By Michael Bettencourt
A new annual Canadian dealer award aims to increase the recognition for dealers that most successfully overcome the inherent challenges of selling unfamiliar plug-in technology, both among the public as well as their own sales teams. The awards, launched last month (June), will recognize dealer efforts in 2013 for BEVs (battery electric vehicles) and plug-in hybrid EVs in provinces with provincial incentives during the year (BC, Quebec and Ontario), as well as an EV Inspiration award for dealers outside those three provinces.
Organized by Canadian EV advocacy group Plug ‘n Drive as well as the Canadian Electricity Association, the group and its main sponsor (CAA) will award one of three trips to Vancouver for a representative from each dealership, while publicly highlighting their achievements.
“We know selling electric vehicles can be challenging,” says Cara Clairman, president and CEO of Plug ’n Drive. Even when customer enthusiasm for its fuel cost savings and environmental benefits brings shoppers to a dealership, it often takes longer than regular sales staff to both learn and then explain the unfamiliar technology, rebates and range issues involved. “By celebrating the hard work and success of dealerships, we hope the recognition that comes with these Awards encourages more dealerships to promote electric cars to consumers.”
But there’s more than just a learning curve dissuading some dealers from pursuing plug-in sales. Dealers don’t stand to make as much money to service plug-in vehicles, especially battery electric vehicles that don’t require oil/engine/transmission/exhaust maintenance or replacement, which is why Tesla founder Elon Musk has long argued that there’s an inherent conflict for traditional dealers to also try to sell electric cars. There’s simply less profit incentive over the long term, and possibly near term as well.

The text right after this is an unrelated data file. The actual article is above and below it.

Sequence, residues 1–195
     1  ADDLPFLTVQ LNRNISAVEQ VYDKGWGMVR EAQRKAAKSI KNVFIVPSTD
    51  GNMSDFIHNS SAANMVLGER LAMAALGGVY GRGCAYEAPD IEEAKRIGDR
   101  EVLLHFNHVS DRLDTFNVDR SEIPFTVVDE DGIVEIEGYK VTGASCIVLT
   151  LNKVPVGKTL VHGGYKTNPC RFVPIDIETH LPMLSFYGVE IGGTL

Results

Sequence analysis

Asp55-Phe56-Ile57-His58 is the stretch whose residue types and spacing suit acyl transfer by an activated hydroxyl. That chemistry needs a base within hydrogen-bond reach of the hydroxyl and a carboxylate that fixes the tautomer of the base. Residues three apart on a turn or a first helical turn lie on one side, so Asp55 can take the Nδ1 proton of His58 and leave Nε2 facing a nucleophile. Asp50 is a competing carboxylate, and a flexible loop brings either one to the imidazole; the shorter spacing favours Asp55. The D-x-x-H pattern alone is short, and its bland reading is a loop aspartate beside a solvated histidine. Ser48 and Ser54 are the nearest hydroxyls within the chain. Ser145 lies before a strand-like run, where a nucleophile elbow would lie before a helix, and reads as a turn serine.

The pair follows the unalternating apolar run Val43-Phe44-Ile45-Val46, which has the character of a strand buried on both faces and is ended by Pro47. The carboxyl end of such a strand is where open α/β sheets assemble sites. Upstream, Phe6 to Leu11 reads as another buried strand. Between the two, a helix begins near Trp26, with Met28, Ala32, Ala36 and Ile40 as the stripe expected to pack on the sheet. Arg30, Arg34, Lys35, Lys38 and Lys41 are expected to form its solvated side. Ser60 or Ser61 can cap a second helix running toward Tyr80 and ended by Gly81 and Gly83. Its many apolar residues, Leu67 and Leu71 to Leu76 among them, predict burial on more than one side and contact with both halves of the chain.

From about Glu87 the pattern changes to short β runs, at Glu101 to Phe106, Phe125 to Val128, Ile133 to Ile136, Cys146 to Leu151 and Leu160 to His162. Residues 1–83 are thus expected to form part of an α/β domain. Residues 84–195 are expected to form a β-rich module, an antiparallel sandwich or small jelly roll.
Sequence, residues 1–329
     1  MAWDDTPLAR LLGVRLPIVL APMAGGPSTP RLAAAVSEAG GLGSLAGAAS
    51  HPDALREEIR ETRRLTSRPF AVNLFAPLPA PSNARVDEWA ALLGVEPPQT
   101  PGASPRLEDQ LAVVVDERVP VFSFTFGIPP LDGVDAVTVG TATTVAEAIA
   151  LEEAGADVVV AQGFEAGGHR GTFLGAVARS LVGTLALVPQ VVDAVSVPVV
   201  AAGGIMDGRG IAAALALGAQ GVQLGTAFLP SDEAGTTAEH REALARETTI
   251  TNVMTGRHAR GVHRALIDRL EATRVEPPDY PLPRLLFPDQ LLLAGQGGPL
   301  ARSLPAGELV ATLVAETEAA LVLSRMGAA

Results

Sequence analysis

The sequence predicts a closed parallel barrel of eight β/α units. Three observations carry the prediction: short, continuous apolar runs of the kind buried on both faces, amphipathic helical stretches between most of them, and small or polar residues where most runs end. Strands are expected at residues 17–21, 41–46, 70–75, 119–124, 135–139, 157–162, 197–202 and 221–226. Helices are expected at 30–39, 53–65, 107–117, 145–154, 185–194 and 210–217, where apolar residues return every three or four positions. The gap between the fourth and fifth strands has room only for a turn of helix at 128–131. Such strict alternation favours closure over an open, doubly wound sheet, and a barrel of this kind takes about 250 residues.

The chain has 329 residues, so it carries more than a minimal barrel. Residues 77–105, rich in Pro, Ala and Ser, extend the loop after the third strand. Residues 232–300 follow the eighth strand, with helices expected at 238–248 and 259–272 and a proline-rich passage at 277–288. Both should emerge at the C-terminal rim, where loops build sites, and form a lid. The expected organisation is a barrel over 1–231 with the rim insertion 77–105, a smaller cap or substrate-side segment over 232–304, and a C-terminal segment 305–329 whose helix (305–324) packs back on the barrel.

We’ve seen this lack of enthusiasm for EV sales up close: it happened to us when my family first went shopping for a plug-in, and increased to active discouragement for some friends after they test drove our Nissan Leaf and talked to us about fueling costs. It also reportedly happened to various Consumer Reports undercover shoppers, when a study by the consumer group of 85 dealerships in four states found that 13 of those dealerships actively discouraged EV sales, with seven of those from the state of New York. At 35 of the 85 U.S. dealers visited, salespeople recommended a gas-powered vehicle to potential plug-in buyers in the end.
The study found that dealers with plenty of corporate support for plug-ins such as Chevrolet, Ford and Nissan were generally more positive about presenting the plug-in as an option, while Toyota and Honda (which doesn’t sell a plug-in in Canada), were much less enthusiastic. Complete results of the study can be seen here.
No similar Canadian study is yet available on the study concluded, though the anecdotal evidence certainly suggests similar dynamics at work: not necessarily animosity to the technology, but a lack of salesperson knowledge about plug-ins, the rebates available to their buyers, and limited supply and therefore experience with the car themselves.
The Canadian EV Dealership awards will be presented to the winning dealer representatives on October 29, 2014 at the Electric Mobility Canada’s EV2014VÉ Conference and Trade Show in Vancouver, among other PR and employee benefits.